A second argument is that, if people are paid for their plasma, fewer will volunteer to donate whole blood for transfusions. (Paying for whole blood would be unwise, since it cannot be sterilised as plasma can.) But there is no evidence that paying for plasma diminishes the supply of donated blood. That is why, in Canada, more than 30 economists and philosophers wrote an open letter arguing against bans on paid plasma. Americans voluntarily donate as much blood per person as do Canadians.
A third argument is that paying for plasma preys on the poor. It is possible that those selling plasma need the money and therefore might give too often. In America plasma donors can give twice a week; those in Europe can give just once a week. There is no evidence of harm to their health in either case, but more long-term study would be prudent.
Those against allowing payment suggest using voluntary donors instead. Yet every country that does not pay ends up importing plasma. And the fact that America is by far the dominant supplier carries risks of its own. The dependence on a single source leaves the rest of the world vulnerable to an interruption of supply. To protect their people, therefore, other governments need to diversify their supplies of plasma. Paying for it would make a big difference.
Let’s say more of the world moves to a Netherlands-style euthanasia law. While euthanasia is at first based on individual consent, it usually evolves into a “in unclear cases your spouse or guardian has the actual say.”
How will this affect bargaining power within the family? Here are a few options:
1. Family members will be much nicer to each other, ex ante, so they will be kept around for longer if they come down sick.
1b. Because of time consistency problems, family members won’t be much nicer with each other.
1c. You fear that family members aren’t willing enough to pull the plug on you, so you become actively less nice.
2. Family members will be much more anxious with each other, because they will so often be wondering how the others will wish to dispose of them, and when.
3. Some family members will make explicit ex ante deals, such as: “You can send me to my doom when the time comes, with a clear conscience, but on Tuesday nights we’re going to watch my game shows, not your reality TV.”
4. “It stresses me out that you are stressed out over my dying, so I will apply for euthanasia right here and now, even though I still have nine months to live with my cancer. Except I will tell you that I just don’t want to live any longer, so you don’t feel bad about why I am doing this.”
5. You have no family and given your illness you are a net revenue drain on your nursing home. If you go back to live out your final days, you’ll end up with the worst room and less spicy food and no private TV. You agree to euthanasia, granted that they send $20,000 to your favorite charity. You leave this earth with a warm glow, feeling that 20k probably saved at least one life. In reality, with p = 0.68 it subsidized someone’s overhead.
I am surprised that the subject of sex and disability has not arisen in the controversy surrounding Robin Hanson’s and Ross Douthat’s remarks on sex redistribution. The subject is one of active debate in the literature on medical ethics. Bioethicist Jacob Appel writing in the Journal of Medical Ethics in 2010 argued:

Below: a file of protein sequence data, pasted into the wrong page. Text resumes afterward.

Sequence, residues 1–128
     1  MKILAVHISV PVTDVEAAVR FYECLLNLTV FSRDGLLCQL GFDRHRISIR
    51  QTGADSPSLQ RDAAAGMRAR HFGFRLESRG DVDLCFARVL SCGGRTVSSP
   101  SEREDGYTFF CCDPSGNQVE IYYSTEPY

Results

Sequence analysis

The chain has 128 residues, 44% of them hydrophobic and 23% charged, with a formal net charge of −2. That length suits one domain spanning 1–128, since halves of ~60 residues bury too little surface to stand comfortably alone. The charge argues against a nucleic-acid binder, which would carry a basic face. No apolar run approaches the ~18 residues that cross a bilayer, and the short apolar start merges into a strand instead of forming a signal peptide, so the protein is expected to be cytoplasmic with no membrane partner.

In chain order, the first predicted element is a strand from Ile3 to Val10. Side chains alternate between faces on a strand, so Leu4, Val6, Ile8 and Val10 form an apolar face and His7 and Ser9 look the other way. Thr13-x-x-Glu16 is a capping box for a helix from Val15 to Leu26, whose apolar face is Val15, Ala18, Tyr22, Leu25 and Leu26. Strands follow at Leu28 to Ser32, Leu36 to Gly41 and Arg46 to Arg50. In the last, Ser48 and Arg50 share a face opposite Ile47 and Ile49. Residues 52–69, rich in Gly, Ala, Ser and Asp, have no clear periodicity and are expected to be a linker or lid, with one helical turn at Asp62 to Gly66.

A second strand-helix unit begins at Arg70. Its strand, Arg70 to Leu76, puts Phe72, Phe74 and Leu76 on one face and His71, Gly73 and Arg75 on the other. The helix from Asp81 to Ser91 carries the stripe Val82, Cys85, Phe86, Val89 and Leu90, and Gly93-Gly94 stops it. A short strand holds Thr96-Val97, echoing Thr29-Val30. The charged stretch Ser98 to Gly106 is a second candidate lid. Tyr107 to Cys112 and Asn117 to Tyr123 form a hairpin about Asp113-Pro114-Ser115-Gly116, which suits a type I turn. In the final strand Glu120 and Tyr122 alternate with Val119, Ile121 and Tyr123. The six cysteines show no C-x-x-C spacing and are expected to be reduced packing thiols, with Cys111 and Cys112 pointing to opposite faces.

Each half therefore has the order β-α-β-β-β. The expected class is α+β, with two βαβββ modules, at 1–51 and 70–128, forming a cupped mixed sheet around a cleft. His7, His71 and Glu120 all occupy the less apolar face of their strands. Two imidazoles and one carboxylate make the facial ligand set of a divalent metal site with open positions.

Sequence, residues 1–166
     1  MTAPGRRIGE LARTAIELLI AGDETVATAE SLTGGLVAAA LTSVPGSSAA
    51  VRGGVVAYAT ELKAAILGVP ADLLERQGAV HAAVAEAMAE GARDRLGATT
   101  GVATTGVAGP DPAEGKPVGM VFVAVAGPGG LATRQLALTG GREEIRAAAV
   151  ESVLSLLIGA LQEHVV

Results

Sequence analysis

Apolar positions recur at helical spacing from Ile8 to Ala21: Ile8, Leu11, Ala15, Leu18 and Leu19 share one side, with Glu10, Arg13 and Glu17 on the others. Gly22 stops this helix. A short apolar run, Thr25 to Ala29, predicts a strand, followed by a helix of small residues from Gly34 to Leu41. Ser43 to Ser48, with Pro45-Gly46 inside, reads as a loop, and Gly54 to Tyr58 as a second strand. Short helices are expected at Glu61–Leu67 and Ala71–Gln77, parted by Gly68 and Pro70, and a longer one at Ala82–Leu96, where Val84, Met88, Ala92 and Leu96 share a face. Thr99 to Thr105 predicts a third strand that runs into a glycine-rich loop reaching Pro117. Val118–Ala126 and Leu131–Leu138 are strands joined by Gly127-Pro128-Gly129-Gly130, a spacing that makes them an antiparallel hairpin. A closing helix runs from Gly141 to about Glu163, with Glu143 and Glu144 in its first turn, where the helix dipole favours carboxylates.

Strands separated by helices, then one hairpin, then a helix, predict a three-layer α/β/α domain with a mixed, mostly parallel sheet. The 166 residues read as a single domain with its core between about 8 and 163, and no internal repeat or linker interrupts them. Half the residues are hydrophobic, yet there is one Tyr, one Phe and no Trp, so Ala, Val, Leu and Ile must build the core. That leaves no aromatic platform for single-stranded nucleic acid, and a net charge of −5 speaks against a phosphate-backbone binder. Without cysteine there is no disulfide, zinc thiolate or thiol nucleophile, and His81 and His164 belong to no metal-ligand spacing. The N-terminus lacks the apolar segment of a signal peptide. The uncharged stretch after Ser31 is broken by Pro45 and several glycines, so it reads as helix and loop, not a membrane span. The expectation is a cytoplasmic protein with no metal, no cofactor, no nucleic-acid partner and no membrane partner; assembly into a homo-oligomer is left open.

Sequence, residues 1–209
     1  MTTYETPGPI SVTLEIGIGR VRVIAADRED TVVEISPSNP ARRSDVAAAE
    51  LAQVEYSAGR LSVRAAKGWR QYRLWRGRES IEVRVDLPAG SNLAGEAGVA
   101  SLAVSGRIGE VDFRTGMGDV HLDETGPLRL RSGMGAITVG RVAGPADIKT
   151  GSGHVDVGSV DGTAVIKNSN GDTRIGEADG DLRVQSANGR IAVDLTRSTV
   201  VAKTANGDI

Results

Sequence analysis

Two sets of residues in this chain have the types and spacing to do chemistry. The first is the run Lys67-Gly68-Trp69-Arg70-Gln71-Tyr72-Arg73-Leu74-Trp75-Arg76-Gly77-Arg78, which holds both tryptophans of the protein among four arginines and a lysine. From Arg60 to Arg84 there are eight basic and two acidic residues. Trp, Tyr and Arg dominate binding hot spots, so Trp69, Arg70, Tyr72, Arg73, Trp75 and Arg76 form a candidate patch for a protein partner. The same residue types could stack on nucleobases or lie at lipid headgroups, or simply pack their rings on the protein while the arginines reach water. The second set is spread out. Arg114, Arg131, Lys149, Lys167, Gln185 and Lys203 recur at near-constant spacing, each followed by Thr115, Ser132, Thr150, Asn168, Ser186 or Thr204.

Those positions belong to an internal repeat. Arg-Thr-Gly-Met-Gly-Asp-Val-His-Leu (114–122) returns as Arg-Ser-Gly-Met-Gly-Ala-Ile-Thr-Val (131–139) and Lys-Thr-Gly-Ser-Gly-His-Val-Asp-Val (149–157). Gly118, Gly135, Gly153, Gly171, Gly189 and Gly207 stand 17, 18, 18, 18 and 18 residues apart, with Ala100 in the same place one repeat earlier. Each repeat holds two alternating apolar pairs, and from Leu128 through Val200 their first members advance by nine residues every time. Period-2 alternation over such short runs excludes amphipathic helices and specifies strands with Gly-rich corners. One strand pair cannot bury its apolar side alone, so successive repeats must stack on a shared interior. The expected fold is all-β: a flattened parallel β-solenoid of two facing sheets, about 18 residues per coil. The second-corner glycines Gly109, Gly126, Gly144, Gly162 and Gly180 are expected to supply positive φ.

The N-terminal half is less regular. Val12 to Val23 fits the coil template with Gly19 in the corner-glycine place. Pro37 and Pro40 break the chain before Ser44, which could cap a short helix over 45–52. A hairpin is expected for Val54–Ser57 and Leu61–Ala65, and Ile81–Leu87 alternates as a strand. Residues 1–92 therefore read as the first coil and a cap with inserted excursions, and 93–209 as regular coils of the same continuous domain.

If sexual pleasure is a fundamental right, as this author believes, then jurisdictions that prohibit prostitution should carve out narrow exceptions for individuals whose physical or mental disabilities make sexual relationships with non compensated adults either impossible or high unlikely.
…A second area in which reform is desperately needed is the ‘no sex’ policies that exist in American nursing facilities, mental hospitals and group homes. Many such facilities require the doors of patients’ rooms to be open at all times, making intimacy all but impossible. The assumption underlying these restrictions is that anything short of clearly expressed wishes by a fully competent and rational individual does not fulfil a minimum standard to consent to sexual relations. The principle advanced by this approach is that institutionalised individuals require a higher degree of protection than those living outside of institutions. In many matters, this is certainly the case. However, in regard to sexual relations, this ‘higher’ standard often serves as an obstacle to meeting both the wishes and interests of individuals who cannot conform to ‘real world’ standards of consent.
More challenging than a ‘negative rights’ conception of sexual liberty is one that also embraces a ‘positive right’ to sexual pleasure for the disabled–either for those individuals who are too impaired to find mates and/or those who are so physically incapacitated that they are incapable of pleasuring themselves. Several European nations, including Germany, The Netherlands, Denmark and Switzerland, allow limited ‘touching’ services for the severely disabled through non-profit organisations.
In the UK charities exist to help match sex workers with the disabled. Similar services are available in Denmark and in the Netherlands and in those countries (limited) taxpayer funds can be used to pay for sexual disability services. The Green party has proposed such services elsewhere:
A German politician has sparked controversy by suggesting people with severe disabilities could receive “sexual assistance” paid for by the state.
The Green party’s spokeswoman for age and care policy, Elisabeth Scharfenberg, said the government could “provide grants” for sexual services to disabled people who cannot achieve satisfaction by any other means.
Such a system is currently operating in Denmark and the Netherlands, where certified “sexual assistants” with special training conduct visits to disabled people who cannot afford to pay themselves.
Regardless of the answers one gives, I think these are legitimate questions of profound and deep importance to the people involved. It’s unfortunate and wrong that someone who brings these issues to the public forum is denounced and called creepy. We can and should do better.
…return on investment in pharma R&D is already below the cost of capital, and projected to hit zero within just 2 or 3 years. And this despite all efforts by the industry to fix R&D and reverse the trend.
That is from Kelvin Stott. Keep in mind this is during a time when global demand has been growing, which suggests the supply side is all the more constipated.